Time is critical in a country that urgently needs economic and political reform
These are very worrying times indeed in Lebanon, a nation that is tethering on the edge of an economic and political abyss, and the formation of a new government there on Friday has little time to effect immediate deep and widespread reforms to offset multiple crises looming large on its horizon.
Since shortly after that devastating blast in Beirut port a little over a year ago that seemed to underscore the scale of problems the nation faces, Lebanon has been without a government.
Rudderless, it has been unable to address its chronic and deteriorating fiscal condition that has wiped away the savings of most of its citizens as its currency lost 90 per cent of its real value — an economic meltdown that the World Bank considers to be the world’s worst since the mid-19th century.
Overwhelmed too by refugees fleeing conflict in Syria and Iraq, attempts to reform its job market have failed, and it remains subject to the influences of Iran and Hezbollah forces that pit their loyalties before those of Lebanon.
It is against these negative and powerful influences that the new government of Prime Minister Najib Mikati must somehow piece together a cohesive programme for action and real change — bringing effective and immediate improvement in the lives of every Lebanese citizen. That is the scale of challenge on a microeconomic level.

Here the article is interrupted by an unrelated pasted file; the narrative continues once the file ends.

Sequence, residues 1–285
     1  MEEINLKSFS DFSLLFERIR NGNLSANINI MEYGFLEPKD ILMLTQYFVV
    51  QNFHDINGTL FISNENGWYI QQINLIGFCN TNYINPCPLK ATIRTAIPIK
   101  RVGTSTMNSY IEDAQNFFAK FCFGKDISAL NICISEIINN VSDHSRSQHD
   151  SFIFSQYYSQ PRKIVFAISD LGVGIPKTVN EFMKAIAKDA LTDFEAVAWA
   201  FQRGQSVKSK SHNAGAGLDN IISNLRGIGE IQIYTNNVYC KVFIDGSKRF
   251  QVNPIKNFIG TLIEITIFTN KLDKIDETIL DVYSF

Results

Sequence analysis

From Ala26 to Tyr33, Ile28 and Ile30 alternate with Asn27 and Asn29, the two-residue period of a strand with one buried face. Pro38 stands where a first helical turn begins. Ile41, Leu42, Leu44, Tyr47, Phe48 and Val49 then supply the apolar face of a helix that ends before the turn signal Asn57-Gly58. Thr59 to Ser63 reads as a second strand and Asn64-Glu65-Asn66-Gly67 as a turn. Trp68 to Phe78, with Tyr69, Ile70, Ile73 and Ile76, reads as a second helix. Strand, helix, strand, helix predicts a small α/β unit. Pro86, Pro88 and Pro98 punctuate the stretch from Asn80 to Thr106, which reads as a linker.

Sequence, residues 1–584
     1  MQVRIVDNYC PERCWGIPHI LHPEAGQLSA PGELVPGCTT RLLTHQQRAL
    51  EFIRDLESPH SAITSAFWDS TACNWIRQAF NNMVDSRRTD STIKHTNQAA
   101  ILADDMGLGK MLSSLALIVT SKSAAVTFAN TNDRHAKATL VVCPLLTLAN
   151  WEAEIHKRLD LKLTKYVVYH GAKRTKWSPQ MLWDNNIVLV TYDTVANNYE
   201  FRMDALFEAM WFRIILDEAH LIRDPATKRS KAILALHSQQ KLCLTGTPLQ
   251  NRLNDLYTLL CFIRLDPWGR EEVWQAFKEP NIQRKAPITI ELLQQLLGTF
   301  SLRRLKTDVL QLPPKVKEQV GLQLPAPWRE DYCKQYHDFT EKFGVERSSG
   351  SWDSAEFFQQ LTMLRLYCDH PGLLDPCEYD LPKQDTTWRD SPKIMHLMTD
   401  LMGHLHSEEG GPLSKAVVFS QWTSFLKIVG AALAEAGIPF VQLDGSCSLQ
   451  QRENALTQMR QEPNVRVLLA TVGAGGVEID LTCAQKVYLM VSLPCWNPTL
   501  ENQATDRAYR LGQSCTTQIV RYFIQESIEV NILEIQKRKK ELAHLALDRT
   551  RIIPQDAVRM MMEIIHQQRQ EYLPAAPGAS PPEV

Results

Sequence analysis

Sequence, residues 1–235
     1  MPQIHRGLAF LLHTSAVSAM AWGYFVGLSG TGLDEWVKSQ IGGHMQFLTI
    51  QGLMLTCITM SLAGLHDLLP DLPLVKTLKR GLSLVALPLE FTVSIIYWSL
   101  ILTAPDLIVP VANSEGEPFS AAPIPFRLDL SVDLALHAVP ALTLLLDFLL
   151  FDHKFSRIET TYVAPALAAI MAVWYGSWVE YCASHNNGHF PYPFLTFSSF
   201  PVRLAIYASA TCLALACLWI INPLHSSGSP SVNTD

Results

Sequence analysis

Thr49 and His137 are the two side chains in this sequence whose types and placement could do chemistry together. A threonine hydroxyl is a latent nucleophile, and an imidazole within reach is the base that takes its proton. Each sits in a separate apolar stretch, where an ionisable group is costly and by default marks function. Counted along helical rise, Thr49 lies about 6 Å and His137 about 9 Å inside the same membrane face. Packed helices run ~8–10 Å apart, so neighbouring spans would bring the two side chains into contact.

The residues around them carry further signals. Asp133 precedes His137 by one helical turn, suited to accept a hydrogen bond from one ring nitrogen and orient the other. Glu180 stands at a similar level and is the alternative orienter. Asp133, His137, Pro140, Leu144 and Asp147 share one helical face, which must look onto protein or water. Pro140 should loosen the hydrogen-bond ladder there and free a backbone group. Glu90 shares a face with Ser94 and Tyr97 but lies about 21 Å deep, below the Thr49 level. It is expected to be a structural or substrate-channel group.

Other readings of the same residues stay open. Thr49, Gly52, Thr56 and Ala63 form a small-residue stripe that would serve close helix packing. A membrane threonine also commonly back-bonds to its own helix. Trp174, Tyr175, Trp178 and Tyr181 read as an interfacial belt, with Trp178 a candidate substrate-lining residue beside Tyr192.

On a macroeconomic level, it must quickly establish its credentials with the international community, ensure that the 2022 parliamentary elections take place as scheduled, and restart negotiations with the International Monetary Fund and World Bank to make the fundamental changes needed for real economic reform.
For any new government anywhere, this is a tall order. For Lebanon, where its political leadership has largely failed to address pressing issues for years, the task is indeed onerous and daunting.
Addressing the nation after the government’s formation, Mikati said “the situation is difficult, it is very difficult. He committed to open Lebanon’s doors to the Arab world and others.
There still remains goodwill towards Lebanon and its struggling people among the wider international community and the Arab world. The reality is that its failure to reach internal agreements against a backdrop of competing powerful interests has contributed to the economic malaise afflicting Lebanon. At least now there is a cabinet in place.
The longest journey begins with the first step, and with the new cabinet that has finally been taken. Now it must quickly pick up its pace.
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